Matt Frassica, intern: “In the last few days before the book had to go to press [in July 2003], Eli sat the summer interns down at the tables in the writing lab. ‘Guys,’ he said, ’I’ve called you here today because you have all done an excellent job, and I am proud of you. You have worked hard, and deserve praise. But a couple of days ago, as I was thinking about this book and what is best for it, I consulted this reference.’ He picked up a thick user’s guide to QuarkXPress 4. He flipped to a page he had marked. ‘This is how David Blatner, the author of The QuarkXPress 4 Book, begins Chapter 8.11, Indexes: ’It was Mr. Duncan, my elementary-school librarian, who first impressed the importance of an index into my malleable young brain: A nonfiction book without an index, he said, wasn’t even worth putting on the library shelf.’ Now, if David Blatner’s elementary-school librarian says it’s so, then I say it’s time we give Vollmann an index. What do you think?’ No one contradicts an oracular computer manual—or Eli—so we divided the book up and scanned it for its major moral actors.”

Rose Lichter-Marck, intern: “I won’t soon forget that ‘Team Index Pizza Party’ day. The interns combed every page of RURD while Eli stood over us and yelled obscenities at Matt Frassica, who was slacking. We were compiling a list of the ‘major moral actors’ of the book. People were writing up the names on the dry-erase board so that we would all be documenting the same people. When we were done, that board read like a who’s who of atrocity.”

Matt Frassica: “Vollmann discusses Julius Caesar, Napoleon, Hitler, Cortez, Eichmann, Pol Pot, King Egil, and so on in establishing his moral calculi. He also occasionally mentions Eli, and discusses the process of editing that the book had undergone. So we decided to index Eli: Horowitz, Eli; I.416, III.587, V.363-4. The next day, Eli removed himself from the index, which I suppose was his prerogative as editor.”

Richard Parks, intern: “In a way, the index is an insidious thing, because the innocent act of looking up a single name might make you crazy. The connections are everywhere, so it’s never as simple as culling a single date or place name. Even the smallest association Vollmann makes threatens to explode into a matrix of history.”

Matt Frassica: “About a week before we had to send the thing off to the printers, I went to dinner and then came back to do some late-night fact-checking. But once inside, Eli handed me a walkie-talkie. ‘Tell me what’s missing, and I’ll print it,’ he said. He was printing a full copy of RURD from his computer, which is up a ladder in the office. The printer is down the ladder and on the opposite end of the 826 Valencia writing lab from his computer. That night, Eli printed and I sorted all seven volumes of RURD, checking to make sure the titles of the chapters matched their entries in the Table of Contents, that the drop caps were spaced right, that no pages went missing. After an hour, the walkie-talkie batteries started to die, and they would emit warning shrieks every five minutes.”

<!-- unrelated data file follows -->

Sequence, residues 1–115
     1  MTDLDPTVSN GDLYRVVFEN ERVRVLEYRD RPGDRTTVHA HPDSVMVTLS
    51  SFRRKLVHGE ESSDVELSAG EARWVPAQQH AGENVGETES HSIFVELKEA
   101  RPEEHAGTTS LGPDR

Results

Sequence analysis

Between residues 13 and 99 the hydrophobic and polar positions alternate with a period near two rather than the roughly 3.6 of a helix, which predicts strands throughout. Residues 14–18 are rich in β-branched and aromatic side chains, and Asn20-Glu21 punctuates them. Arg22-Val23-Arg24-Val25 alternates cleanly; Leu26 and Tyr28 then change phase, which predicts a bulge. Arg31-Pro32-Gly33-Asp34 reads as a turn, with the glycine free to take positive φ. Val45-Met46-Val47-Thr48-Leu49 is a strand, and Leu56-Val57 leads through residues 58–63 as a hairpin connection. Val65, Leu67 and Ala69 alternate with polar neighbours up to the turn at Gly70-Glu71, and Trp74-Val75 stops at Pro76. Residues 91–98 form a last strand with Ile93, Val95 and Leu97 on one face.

Rose Lichter-Marck: “For the most part, all of us worked well together; there were, however, a few crises. Toward the end of July, we were going through the final manuscript one last time. Eli wanted each page to be checked by two pairs of eyes, so we worked in pairs. I was partnered with a girl who was there for the first day of her internship, and she had no idea what she had stumbled into. She was dividing her volume by chapter into different piles, and when it was time to put it all together, there were about 100 pages missing. It was a little frantic for a while: when you’re dealing with 3000+ pages, disorganization is a code-red emergency. I think she wept.”

Richard Parks: “About the first week of August, in the home stretch, I almost destroyed the entire project—for reasons I can’t exactly go into. I imagine that if you were to ask Eli today, he’d say that it’s as true as it ever was: never trust an intern with 3000 pages of manuscript text and the New York Times’s FedEx account number.”

Gideon Lewis-Kraus, general assistant/associate: “I had been around McSwys for much of the RURD project, but I had somehow avoided working on it. At the beginning of August, however, an extremely frustrated William T. Vollmann called one morning and asked for Eli. Eli was on vacation. Could he then talk to one of the interns who worked on the book? The summer interns were gone, and I was the only person available to talk to him, so I got on the phone. He had just received the final galleys from the printer, and there were myriad things he wanted changed. I sat there with him, going through seven volumes of PDFs on Eli’s computer, for almost four hours. We somehow ended up spending a lot of time talking about the intricacies of transliteration.”

Eli Horowitz: “Even after I thought everything was done, there were a bunch of little problems with the printers, and each time something flared up, a tremendous weariness would pass over me. Then we finally got the actual books. They looked good. I was happy.”

Dave Eggers: “This is the most proud we’ve been of anything we’ve ever done. This kind of book is what McSweeney’s was set up to do, and we just have to thank Bill for letting us bring this book into the world. He had faith in our little group, and we very much appreciate it.”

William Vollmann: “When I finally saw it, I was so happy I almost cried.”